Two months into her new job, Gloria Walker still hasn’t told her own children about her near brush with homelessness. If she does, she’ll likely mention a St. Vincent de Paul social-services network that maintained her hope and housing when she might otherwise have been on the street at the age of 62.
“I was on the brink, looking into the abyss,” Gloria said of the four months she spent in school, pleased to update her skills but constantly in fear of losing her home. “I faced two evictions,” she said. “St. Vinnie’s went to bat for me both times and got the landlord to let me stay.”
Gloria moved to Eugene after her husband died unexpectedly. She worked in rehabilitation and mental-health facilities until 2008 when she sustained a back injury while lifting a patient. The problem was partially corrected, but Gloria’s insurance ran out and she was barely cleared for light duty. In late 2009 jobs were scarce and light duty unheard of.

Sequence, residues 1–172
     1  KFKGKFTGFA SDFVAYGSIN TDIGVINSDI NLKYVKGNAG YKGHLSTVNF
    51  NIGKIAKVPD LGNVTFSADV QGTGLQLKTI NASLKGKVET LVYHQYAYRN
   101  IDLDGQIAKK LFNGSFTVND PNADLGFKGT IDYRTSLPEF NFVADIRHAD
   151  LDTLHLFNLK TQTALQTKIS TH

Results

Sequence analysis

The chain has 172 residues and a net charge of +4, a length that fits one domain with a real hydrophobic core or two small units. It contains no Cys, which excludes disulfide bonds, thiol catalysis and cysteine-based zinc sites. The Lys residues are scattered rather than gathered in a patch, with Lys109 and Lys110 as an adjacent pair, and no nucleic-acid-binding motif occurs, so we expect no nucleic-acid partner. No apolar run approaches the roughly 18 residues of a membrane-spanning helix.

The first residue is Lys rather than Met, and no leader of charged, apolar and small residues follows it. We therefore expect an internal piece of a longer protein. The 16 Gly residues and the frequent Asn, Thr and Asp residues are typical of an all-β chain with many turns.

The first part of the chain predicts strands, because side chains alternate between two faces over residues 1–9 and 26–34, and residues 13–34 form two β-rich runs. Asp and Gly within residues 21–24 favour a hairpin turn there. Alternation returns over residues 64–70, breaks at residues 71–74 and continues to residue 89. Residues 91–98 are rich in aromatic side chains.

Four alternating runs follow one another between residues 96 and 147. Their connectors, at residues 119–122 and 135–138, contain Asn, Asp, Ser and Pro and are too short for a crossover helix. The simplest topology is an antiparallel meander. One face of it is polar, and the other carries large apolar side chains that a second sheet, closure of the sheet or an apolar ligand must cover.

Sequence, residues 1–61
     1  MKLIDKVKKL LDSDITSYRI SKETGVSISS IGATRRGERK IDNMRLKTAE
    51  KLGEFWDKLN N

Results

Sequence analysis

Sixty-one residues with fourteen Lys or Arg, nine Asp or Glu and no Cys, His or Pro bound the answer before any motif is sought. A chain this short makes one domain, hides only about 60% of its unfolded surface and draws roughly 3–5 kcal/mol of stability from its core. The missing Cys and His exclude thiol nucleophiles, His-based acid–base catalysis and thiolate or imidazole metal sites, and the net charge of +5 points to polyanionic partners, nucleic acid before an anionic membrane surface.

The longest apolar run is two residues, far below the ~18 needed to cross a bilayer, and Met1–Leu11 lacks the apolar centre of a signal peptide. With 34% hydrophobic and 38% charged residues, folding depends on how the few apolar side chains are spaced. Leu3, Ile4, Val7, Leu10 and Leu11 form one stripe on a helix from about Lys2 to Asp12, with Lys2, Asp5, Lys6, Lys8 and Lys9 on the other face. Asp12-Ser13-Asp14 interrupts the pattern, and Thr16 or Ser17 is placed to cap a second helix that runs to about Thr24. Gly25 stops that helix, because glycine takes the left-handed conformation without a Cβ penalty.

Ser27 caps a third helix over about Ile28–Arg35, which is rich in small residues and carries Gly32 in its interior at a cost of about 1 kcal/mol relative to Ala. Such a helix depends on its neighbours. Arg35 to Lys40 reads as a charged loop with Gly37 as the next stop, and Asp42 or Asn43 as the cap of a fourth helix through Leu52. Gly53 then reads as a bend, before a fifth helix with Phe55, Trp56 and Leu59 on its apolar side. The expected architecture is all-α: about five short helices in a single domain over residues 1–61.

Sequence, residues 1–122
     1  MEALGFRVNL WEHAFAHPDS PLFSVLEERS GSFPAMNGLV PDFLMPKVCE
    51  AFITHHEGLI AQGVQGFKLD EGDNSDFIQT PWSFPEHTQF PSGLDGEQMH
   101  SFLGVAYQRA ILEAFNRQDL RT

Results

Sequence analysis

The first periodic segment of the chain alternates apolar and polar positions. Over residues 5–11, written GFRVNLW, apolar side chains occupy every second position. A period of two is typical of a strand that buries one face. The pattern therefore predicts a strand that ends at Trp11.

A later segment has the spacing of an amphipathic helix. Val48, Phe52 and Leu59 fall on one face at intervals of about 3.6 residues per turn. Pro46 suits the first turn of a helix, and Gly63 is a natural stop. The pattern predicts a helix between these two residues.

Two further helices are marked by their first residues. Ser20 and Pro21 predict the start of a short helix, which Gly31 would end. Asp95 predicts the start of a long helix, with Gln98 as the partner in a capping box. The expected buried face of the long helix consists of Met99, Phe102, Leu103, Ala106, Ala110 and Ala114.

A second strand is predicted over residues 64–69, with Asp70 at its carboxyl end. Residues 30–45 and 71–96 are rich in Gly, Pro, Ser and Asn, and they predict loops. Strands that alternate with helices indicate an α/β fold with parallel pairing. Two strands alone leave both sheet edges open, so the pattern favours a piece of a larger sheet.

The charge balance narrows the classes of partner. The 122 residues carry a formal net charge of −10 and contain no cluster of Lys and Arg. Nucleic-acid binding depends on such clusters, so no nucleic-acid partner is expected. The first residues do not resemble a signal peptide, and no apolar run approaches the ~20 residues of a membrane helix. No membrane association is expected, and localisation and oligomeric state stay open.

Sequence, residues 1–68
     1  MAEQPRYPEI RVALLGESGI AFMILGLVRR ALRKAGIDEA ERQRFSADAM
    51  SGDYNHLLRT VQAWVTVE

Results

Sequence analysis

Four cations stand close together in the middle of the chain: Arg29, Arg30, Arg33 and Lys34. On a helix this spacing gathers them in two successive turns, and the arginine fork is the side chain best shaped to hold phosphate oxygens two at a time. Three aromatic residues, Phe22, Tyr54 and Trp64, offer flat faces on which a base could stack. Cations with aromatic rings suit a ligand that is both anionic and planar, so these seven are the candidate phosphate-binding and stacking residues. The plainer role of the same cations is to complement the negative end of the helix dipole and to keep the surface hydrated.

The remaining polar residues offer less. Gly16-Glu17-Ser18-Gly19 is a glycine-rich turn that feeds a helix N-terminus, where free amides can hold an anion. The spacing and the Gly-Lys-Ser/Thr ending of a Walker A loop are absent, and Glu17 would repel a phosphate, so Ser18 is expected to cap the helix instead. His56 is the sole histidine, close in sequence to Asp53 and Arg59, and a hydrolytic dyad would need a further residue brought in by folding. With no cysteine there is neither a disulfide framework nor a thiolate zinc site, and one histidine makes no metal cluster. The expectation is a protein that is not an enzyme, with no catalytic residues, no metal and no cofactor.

Gloria qualified for occupational retraining and was taking classes at LCC when she first trekked to St. Vincent de Paul’s Social Service Office to ask for utility assistance. The staff immediately identified her as a prime candidate for homeless prevention and Self-Sufficiency Services.
An assessment by the Self-Sufficiency staff determined that Gloria’s computer skills and Spanish skills were readily marketable. It was just a matter of time. Soon after, she quickly found work.
“You have to stay focused on what you’re doing,” she said. “If that’s a job search, stay focused. If it’s housing, try as many resources as are in the community. A lot of people’s pride gets in the way, but don’t ever be too proud to ask for help. St. Vinnie’s baled me out, and they didn’t know me from Adam.”